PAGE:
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Topic: Pressure & Temperature at a constant volume  (Read 3307 times)

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Offline whippedswalbr

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Pressure & Temperature at a constant volume
« on: March 20, 2010, 04:05:43 AM »
I haven't got a clue how to do this when I don't have V,moles. (PV=nRT)
A gas cannister, in which the pressure is initially 1.20 atm at 10°C, is heated until the internal pressure is 2.62 atm.
What will be the new temperature, in °C, inside the canister?

Offline Schrödinger

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Re: Pressure & Temperature at a constant volume
« Reply #1 on: March 20, 2010, 05:21:39 AM »
Read the question again ...carefully.
What are the changes that are taking place in the system?
Now, can you reason out why you weren't given 'V' and 'n'?
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Offline billnotgatez

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Re: Pressure & Temperature at a constant volume
« Reply #2 on: March 27, 2010, 10:53:53 AM »
Since this topic was posted a while ago, I guess I can use it without doing homework for someone.
Anyone can correct me if you see issues.

When analyzing the problem in general it looks like you can look at it as an ideal gas in situation 1 and situation 2.

Mathematically it can be represented by
Situation 1 ---- P1V1= n1RT1
Situation 2 ---- P2V2= n2RT2

It follows mathematically

Situation 1 ---- R = (P1V1) / (n1T1)
Situation 2 ---- R = (P2V2) / (n2T2)

Since R is the same in both situations

(P1V1) / (n1T1)= (P2V2) / (n2T2)

Now for the problem at hand

We know that since we have a closed container the volume has to stay the same for both situations and if there are no leeks the number of molecules will be the same for both situations.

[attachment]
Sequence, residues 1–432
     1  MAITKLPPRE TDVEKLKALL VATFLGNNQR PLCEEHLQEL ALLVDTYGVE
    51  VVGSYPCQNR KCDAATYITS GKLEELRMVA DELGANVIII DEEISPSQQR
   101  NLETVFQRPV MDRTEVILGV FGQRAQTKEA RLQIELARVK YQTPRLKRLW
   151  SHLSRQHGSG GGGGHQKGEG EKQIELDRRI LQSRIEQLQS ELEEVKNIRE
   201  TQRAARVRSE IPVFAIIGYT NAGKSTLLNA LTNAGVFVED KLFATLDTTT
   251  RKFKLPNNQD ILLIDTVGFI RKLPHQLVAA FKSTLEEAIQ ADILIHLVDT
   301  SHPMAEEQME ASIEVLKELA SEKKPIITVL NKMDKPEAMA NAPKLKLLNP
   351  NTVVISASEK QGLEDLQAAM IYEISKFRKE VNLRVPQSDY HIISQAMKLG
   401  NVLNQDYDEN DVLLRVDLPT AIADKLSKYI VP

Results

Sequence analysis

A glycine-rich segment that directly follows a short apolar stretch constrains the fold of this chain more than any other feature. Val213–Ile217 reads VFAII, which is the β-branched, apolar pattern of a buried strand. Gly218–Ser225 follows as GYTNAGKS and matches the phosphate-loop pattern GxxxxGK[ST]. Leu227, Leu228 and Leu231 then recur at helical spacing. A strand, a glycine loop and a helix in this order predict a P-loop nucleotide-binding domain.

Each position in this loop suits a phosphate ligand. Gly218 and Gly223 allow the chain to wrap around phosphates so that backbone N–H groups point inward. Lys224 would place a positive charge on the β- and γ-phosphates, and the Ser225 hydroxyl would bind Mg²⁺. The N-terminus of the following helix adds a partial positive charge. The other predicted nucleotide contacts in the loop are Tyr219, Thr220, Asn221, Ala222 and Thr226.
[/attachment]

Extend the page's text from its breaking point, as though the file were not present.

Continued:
So using these situations we have V and n canceling out of the equation.

Therefore we can use the following to solve for T2
(P1) / (T1)= (P2) / (T2)
Or
 (T2) = (T1) (P2) / (P1)

When doing ideal gas law calculations we need to make sure all the values have the same units and are absolute.
So the temperatures has to be converted to K (Kelvin) instead of C (centigrade).
In this case I will use 273 K to convert from 10 C to 283 K [sometimes 273.15 is used depending on interest in accuracy].

So plugging in the values

T2 = (283K x 2.62ATM) / (1.2ATM)
T2 = 617.88333333333333333333333333333 K
I guess we should change the answer based on significance.
Here is where I am not sure what to do
Is it 617.88 K or 617.9 K or 618 K
Which is 344.88 C or 344.9 C or 345 C

Hopefully I did all the math correctly



Offline Borek

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Re: Pressure & Temperature at a constant volume
« Reply #3 on: March 27, 2010, 11:52:33 AM »
(P1) / (T1)= (P2) / (T2)

http://en.wikipedia.org/wiki/Gay-Lussac's_Law

Quote
Is it 617.88 K or 617.9 K or 618 K

I would go for 618.
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Offline billnotgatez

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Re: Pressure & Temperature at a constant volume
« Reply #4 on: March 27, 2010, 01:26:18 PM »
Ah - yes, I should have posted

 (P1)/(T1) = (P2)/(T2)
Or
 (P1T2) = (P2T1)
Or
 (T2) = (T1 P2)/(P1)


Yes 618 K seems best

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